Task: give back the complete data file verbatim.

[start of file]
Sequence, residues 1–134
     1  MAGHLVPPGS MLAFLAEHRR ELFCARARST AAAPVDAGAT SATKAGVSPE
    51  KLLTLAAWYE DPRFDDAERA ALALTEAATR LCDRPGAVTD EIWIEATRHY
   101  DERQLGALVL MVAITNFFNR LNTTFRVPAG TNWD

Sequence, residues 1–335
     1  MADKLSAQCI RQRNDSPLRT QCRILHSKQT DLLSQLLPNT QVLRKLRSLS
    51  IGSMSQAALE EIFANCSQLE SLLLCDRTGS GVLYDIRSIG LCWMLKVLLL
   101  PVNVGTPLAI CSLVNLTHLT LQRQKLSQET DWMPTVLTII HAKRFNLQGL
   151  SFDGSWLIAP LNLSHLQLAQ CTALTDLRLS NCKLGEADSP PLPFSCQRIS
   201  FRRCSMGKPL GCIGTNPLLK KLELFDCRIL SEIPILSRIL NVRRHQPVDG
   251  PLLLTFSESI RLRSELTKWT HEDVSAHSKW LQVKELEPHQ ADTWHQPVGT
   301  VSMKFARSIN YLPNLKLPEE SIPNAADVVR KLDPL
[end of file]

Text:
Sequence, residues 1–134
     1  MAGHLVPPGS MLAFLAEHRR ELFCARARST AAAPVDAGAT SATKAGVSPE
    51  KLLTLAAWYE DPRFDDAERA ALALTEAATR LCDRPGAVTD EIWIEATRHY
   101  DERQLGALVL MVAITNFFNR LNTTFRVPAG TNWD

Sequence, residues 1–335
     1  MADKLSAQCI RQRNDSPLRT QCRILHSKQT DLLSQLLPNT QVLRKLRSLS
    51  IGSMSQAALE EIFANCSQLE SLLLCDRTGS GVLYDIRSIG LCWMLKVLLL
   101  PVNVGTPLAI CSLVNLTHLT LQRQKLSQET DWMPTVLTII HAKRFNLQGL
   151  SFDGSWLIAP LNLSHLQLAQ CTALTDLRLS NCKLGEADSP PLPFSCQRIS
   201  FRRCSMGKPL GCIGTNPLLK KLELFDCRIL SEIPILSRIL NVRRHQPVDG
   251  PLLLTFSESI RLRSELTKWT HEDVSAHSKW LQVKELEPHQ ADTWHQPVGT
   301  VSMKFARSIN YLPNLKLPEE SIPNAADVVR KLDPL